* Who told us where to find cheap -- oops, inexpensive -- work clothing?
* Who taught us how to make guacamole? And how to eat it?
* Who took us to our first Jackie Chan movie?
* Who gave us Orioles or Nationals tickets while assuring us that professional baseball would return to the region someday?
Posted by John Klossner on Sep 25, 2009 at 7:01 PM0 comments
This has been a good year to do cartoons for Federal Computer Week.
In the 13-plus years I have been drawing cartoons for this publication, I have often needed a high learning curve on cartoon topics. I don't have to tell you, but FCW covers subject matter that is a) of interest to a specialized community, and b) often ahead of the mainstream curve. (For example, I noted that FCW's encounter with the birthers occurred several weeks before the mainstream media's.)
When creating humor, or making editorial comments, this is a challenge. It helps in these situations to have the readers, listeners, viewers, etc. know as much as possible about the subject matter that you are commenting on. Think of a bunch of people sitting in a room, commenting on someone in the room's clothing. Comments and jokes can cover more specifics — "Do you dress in the dark to conserve energy, Dave?" — because everyone knows the reference points. But when someone makes a reference to an outfit that same person wore last month, members of the community who weren't there are lost.
As I said, this has been a good year, topic-wise. Many of the issues of importance to the federal IT world have also been prominent in the public eye issues — including Web 2.0, virtual training, stimulus spending and tracking, cybersecurity, e-mail, contractor relations. These issues and their specifics are familiar to a larger audience, allowing me to comment on a wider variety of specifics, hopefully making for sharper commentary or humor. (I can't make a joke about "tweeting" to someone who is hearing about Twitter for the first time. Come to think about it, it isn't that easy to make a joke about 'tweeting" even if someone knows what I'm talking about.)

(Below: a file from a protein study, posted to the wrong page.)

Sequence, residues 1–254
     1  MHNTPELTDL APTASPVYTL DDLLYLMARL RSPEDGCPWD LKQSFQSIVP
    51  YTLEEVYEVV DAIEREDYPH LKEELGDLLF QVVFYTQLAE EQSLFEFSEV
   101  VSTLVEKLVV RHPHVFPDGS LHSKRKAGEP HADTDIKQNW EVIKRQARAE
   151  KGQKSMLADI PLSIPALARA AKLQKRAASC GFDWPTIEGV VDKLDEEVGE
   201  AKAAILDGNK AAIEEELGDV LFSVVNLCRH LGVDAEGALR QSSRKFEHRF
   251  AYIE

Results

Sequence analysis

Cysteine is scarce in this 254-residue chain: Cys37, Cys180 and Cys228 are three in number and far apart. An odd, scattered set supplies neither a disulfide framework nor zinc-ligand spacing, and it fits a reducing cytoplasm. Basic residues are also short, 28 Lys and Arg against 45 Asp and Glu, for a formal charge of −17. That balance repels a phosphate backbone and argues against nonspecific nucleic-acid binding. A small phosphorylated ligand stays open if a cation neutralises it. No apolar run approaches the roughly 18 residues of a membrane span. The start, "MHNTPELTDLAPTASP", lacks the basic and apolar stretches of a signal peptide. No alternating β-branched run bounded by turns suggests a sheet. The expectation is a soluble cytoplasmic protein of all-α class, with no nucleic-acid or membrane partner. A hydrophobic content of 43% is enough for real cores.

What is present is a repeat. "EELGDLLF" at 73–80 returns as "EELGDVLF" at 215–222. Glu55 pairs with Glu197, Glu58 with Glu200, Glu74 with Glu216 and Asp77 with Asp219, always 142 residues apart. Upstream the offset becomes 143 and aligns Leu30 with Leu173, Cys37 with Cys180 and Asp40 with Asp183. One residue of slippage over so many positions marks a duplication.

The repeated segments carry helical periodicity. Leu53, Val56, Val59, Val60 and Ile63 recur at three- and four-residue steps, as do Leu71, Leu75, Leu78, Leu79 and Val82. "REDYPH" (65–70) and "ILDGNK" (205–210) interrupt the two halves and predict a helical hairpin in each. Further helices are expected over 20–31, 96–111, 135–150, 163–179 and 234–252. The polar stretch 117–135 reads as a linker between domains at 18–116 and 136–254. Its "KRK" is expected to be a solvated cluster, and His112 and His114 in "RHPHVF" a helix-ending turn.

I point all this out in light of the recent cartoon on a topic I had no familiarity with: the National Health Initiative Network. While aware of its existence, I wasn't aware of the specifics of their role, or any recent controversies. I had to revert back to older techniques: a) ask the editors a lot of questions; b) talk to the reporter covering this story; c) go to the FCW blogs and columns; or d) Google it.
It turned out this story was pretty new, and hadn't been widely reported yet, eliminating options c) and d). The editor was helpful in explaining the story to me, noting in particular that there are concerns about NHIN's technical architecture. Not all agree with these claims. There is debate about whether they should fix the flaws or should they proceed, slowing down the progress of the program.
In discussing this, the editor used a term that helped me immensely: Would going ahead with the network as it is be "paving the cow paths?" Although I hate to give away trade secrets, this is often all a cartoonist needs to go on — a strong visual image. In this case, however, it was a complicated image, and I don't have the rendering skills necessary to convey a cow path being re-paved in a 6-inch box.
So what other images did I consider? From my sketchbook, I offer the following ideas.
PROS: Easily understood, "flop, flop" looks funny. CONS: Car imagery is a cartoon cliché.
PROS: Unique image, funny implications. CONS: Doesn't convey the issue clearly or accurately.
PROS: Funny image if understood. CONS: Not so easily understood. Horse imagery is almost as big a cliché as cars.
The image I went with, below, isn't necessarily much better than the ones I rejected. But I felt it was unique — in looking at it again, I think it might be necessary to have the label "architecture" in there. Or at least a "flop, flop."
Posted by John Klossner on Sep 16, 2009 at 7:01 PM0 comments